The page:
When you start your opinion article with something like:
When the Conference is actually happening in A Coruņa, not Madrid, and the session was on Thursday, not on Friday, you already give the level of accuracy of the rest of the information.GUADEC, the annual GNOME European Conference, is happening from 26 July to 1 August in Madrid. On Friday there was a session about the "A bright future for GNOME" where a ton of information was laid out.
Next time, either attend the actuall talk or just watch the recording rather than giving your opinion of the free interpretation of its supporting material (the slides).
No further comment is needed. The rest of your article is just misleading.
http://planet.gnome.org/), but even on visiting the page, GUADEC was mentioned plenty of times, but nothing (obvious) on the future of Gnome. I did find this : http://blogs.gnome.org/otte/2012/07/...nto-the-abyss/ which makes for some depressing reading (particularly the points on Gnome Goals), but probably helps validate some of the comments made here and in the original Phoronix article.
The original article addresses what it was introduced in that talk just based on the slides totally misinterpreting what it was said because the slides are just that: slides, supporting material. Not the actual talk.
So, yes, the article is totally misleading written in a way that you would understand that what Phoronix (or rather Michael?) states was what it was said in that talk, as if he had attended it and it is not. A pity something with so much misinformation can be published by Phoronix. It doesn't make a favor to the credibility of this site.
The session was actually quite self criticizing, spotting some of the things said in these comments and in that blog post you are linking, and hence the irony in the slides. But also positive and trying to draw a future for GNOME. Obviously someone not attending couldn't get that just by reading them.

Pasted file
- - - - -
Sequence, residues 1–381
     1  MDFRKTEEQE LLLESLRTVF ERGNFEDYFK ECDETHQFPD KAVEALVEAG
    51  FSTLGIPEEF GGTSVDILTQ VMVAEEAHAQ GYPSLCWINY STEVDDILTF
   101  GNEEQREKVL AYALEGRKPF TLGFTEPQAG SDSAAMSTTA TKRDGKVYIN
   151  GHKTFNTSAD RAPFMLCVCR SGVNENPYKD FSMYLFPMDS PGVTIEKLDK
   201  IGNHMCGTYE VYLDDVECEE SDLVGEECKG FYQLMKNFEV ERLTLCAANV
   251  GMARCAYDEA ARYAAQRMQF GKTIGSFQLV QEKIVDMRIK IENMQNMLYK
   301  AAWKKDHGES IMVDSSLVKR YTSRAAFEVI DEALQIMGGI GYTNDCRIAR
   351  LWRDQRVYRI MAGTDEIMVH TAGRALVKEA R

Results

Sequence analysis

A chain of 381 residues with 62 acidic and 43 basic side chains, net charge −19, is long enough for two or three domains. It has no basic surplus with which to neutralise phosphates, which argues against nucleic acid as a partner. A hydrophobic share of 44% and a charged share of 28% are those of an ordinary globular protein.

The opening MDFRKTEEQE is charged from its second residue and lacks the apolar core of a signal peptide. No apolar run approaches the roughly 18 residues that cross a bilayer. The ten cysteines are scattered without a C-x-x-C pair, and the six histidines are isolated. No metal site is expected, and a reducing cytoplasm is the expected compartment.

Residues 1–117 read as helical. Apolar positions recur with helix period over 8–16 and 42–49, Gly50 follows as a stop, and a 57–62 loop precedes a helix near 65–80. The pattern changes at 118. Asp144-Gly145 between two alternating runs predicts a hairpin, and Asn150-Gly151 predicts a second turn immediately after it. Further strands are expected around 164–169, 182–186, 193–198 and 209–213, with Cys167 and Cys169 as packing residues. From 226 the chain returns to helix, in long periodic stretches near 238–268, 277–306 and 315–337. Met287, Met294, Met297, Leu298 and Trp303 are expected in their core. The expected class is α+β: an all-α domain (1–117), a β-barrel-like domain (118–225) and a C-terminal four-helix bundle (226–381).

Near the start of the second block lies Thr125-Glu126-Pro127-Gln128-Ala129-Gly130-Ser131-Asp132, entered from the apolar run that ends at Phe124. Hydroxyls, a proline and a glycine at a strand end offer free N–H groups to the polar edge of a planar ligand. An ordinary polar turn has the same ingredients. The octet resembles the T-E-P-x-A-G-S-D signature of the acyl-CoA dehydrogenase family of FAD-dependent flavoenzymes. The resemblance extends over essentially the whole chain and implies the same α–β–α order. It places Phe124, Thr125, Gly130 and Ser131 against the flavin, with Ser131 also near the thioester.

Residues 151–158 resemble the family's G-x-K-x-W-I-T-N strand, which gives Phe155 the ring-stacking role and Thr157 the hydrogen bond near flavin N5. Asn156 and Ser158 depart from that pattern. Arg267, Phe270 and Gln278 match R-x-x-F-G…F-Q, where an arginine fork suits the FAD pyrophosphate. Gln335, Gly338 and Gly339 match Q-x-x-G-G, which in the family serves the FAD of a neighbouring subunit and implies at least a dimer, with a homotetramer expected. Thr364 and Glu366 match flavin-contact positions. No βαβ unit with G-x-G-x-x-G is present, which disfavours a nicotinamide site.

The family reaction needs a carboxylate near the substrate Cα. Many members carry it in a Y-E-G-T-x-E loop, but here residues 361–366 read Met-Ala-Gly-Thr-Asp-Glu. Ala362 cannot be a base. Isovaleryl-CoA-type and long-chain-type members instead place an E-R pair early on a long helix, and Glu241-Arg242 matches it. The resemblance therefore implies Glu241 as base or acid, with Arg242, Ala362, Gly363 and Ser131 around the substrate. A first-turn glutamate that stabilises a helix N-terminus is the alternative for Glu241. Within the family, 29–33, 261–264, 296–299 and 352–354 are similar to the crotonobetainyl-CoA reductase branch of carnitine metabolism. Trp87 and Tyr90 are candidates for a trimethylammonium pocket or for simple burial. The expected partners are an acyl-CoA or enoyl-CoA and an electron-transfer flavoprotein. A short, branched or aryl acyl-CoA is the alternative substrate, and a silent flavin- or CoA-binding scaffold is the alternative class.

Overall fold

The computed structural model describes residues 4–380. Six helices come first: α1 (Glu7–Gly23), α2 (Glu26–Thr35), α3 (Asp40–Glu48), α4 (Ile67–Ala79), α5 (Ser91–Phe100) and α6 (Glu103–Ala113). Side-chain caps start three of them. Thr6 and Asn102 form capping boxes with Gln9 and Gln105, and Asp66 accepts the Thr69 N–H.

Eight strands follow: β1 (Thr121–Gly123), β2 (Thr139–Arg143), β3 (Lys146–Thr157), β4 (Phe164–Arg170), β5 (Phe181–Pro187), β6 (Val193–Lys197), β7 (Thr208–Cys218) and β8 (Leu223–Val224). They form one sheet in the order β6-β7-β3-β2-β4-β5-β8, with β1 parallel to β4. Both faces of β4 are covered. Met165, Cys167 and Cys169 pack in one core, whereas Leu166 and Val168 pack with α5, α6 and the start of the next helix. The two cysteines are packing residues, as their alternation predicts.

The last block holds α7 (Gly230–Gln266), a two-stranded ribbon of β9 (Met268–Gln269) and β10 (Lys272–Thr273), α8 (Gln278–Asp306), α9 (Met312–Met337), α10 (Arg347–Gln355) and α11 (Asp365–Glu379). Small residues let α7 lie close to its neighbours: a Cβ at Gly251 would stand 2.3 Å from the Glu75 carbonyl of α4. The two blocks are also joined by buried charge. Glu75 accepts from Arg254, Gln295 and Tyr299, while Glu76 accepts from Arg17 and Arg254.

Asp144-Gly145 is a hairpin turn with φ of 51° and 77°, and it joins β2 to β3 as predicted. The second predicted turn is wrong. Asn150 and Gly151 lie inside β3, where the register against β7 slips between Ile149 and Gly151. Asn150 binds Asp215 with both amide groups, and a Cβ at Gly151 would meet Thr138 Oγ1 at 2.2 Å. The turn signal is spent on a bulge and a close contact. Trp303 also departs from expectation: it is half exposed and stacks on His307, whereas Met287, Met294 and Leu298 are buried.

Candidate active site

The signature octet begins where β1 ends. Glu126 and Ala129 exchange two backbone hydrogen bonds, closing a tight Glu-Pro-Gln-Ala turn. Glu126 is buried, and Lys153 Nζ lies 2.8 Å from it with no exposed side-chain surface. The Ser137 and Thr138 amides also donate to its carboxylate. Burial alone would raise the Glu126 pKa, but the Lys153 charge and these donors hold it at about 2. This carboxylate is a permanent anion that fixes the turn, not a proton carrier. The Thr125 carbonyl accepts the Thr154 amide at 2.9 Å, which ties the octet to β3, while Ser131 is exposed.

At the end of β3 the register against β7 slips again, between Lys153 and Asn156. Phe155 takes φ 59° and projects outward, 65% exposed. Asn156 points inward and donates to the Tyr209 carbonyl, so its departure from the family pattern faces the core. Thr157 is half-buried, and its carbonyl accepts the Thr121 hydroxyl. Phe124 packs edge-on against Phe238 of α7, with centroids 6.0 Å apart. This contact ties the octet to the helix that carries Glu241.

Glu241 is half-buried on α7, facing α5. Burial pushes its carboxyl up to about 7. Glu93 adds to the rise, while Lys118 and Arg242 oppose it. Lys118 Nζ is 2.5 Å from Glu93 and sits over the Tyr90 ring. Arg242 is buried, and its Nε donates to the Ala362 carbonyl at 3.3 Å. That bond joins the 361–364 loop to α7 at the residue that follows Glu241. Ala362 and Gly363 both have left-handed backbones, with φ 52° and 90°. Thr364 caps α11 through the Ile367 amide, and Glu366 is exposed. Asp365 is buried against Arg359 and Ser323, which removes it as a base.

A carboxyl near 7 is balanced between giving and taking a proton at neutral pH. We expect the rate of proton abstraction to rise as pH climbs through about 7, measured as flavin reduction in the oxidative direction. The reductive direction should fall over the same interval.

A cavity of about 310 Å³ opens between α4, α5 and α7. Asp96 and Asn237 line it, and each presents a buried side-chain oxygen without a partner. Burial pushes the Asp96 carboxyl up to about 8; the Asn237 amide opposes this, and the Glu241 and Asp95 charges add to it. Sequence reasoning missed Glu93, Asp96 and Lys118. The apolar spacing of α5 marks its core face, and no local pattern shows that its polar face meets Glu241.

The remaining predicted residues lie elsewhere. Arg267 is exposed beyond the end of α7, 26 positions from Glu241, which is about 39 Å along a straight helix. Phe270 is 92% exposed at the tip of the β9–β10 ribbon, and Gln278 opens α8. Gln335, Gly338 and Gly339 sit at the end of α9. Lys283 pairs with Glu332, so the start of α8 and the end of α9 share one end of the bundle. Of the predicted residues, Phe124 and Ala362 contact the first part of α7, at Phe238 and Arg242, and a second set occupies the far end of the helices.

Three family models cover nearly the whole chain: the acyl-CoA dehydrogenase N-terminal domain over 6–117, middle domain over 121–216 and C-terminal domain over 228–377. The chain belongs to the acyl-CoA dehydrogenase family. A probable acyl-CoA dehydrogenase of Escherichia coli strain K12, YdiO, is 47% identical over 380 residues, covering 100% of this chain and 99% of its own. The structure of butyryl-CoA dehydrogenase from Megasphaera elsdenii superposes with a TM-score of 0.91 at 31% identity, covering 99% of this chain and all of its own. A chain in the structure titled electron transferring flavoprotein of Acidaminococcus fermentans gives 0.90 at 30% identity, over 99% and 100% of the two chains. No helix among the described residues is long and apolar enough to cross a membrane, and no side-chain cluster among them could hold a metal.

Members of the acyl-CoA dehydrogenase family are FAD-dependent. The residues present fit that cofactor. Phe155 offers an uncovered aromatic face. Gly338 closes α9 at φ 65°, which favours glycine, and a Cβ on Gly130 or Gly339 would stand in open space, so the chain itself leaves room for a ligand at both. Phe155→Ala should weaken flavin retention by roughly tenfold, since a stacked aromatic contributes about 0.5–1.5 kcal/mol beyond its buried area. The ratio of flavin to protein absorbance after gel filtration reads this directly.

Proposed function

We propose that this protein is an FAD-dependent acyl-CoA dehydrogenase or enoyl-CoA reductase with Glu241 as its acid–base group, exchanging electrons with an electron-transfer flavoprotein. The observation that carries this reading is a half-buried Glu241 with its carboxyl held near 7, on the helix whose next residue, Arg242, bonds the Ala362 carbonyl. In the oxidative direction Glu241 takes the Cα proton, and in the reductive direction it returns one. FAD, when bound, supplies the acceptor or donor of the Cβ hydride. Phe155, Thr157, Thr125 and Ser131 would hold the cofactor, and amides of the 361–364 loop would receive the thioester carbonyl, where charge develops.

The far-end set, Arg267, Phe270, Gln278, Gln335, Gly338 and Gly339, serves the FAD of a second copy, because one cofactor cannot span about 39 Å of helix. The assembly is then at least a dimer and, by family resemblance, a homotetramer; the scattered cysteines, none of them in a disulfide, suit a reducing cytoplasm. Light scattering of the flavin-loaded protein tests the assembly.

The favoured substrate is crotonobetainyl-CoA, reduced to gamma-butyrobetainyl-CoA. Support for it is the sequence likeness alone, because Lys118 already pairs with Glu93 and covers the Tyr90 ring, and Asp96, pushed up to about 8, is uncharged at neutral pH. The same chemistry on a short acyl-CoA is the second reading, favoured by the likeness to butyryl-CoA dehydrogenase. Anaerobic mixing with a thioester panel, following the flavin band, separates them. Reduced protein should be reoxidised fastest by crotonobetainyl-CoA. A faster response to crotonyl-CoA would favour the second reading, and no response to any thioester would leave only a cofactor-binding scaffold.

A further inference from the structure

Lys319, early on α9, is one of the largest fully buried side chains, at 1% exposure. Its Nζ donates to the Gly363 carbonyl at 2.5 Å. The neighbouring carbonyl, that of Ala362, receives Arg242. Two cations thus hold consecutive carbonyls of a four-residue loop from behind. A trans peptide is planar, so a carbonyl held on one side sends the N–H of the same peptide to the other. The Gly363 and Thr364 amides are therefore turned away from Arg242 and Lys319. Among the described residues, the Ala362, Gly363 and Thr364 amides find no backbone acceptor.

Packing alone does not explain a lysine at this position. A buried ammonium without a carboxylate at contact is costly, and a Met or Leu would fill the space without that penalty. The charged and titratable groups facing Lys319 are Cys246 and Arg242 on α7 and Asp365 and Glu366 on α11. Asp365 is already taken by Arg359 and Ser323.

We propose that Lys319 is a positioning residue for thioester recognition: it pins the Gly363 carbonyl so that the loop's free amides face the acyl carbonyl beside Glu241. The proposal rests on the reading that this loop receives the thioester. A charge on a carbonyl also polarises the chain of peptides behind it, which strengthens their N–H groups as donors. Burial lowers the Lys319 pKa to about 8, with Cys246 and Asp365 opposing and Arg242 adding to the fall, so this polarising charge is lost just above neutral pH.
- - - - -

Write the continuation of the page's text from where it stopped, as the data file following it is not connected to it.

Once again, watch the actual talk and not read some random comments from someone that only read the slides.
Personally I really like the idea of running gnome on a tablet. But I don't think it will get huge adoption. It will be a niche product, for people like me. That's okay. Just don't focus too much on getting market share. Just make a good product and provide some way to run Android applications in gnome. Then who cares if it doesn't get a big market share.
I still cannot see the trouble over gnome shell. I've been using it for a half year and love it. I run Mint 12 with gnome shell at home and windows at work. It takes forever for me to do anything at work. At home, however, I zip through all tasks. It is easier to use -- I am coming from Mint 9 and Ubuntu -- and very slick looking. I have even been editing the theme files, changing how it looks. Tweaking this, tweaking that. I am digging more into the system trying to understand what things do, how and why. I love the shell and don't think I could go for any other DE.
The plans they have might be ambitious but that's cool with me. I always say, "Shoot for the stars, and you're bound to reach the clouds."
Love it, dudes. Keep shooting high.
Will that GNOME OS be a new spinoff from Ubuntu as there is now unity? Basically it is simple enough to create spinoffs, so why not. I thought Fedora used it by default as well. I usually prefer KDE - especially mc works in the default terminal without any gconf settings. Try the f keys like f10 with GNOME and you will see it...
Gnome3 is bloated and slow compared to, say, XFCE which does the same, does more, is more reliable, fast and consumes much less resources. However the problem with gnome development can be traced back to gnome2, with the countless bugs they simply ignored.
It is no issue for me because i don't use gnome anymore, but it is irritating to see people blame it on the OS because gnome is used behind slowing and restricting things.
The gnome shell experience is too alienating to users of other desktops, in addition to that slow monster going behind, it should be no surprise people are abandoning when there are much better alternatives.
Gnome distros should really rethink their default desktop choice, if they all moved to xfce when gnome3 was announced, the user impact would have been minimal. Xfce provides a classic desktop and uses gtk, it is much faster and reliable than gnome2 ever was.
The only place where gnome3 is lacking is in multi-screen, but only a little. Most apparent it is if you have dual head and press "Ctrl-Alt-L".
I must say I use my mouse less with Gnome3 then with Gnome2, and I find myself really liking it.
The only ones having problem with Gnome3 I know of is my girlfriend and mother, who both have problems with hot-corners.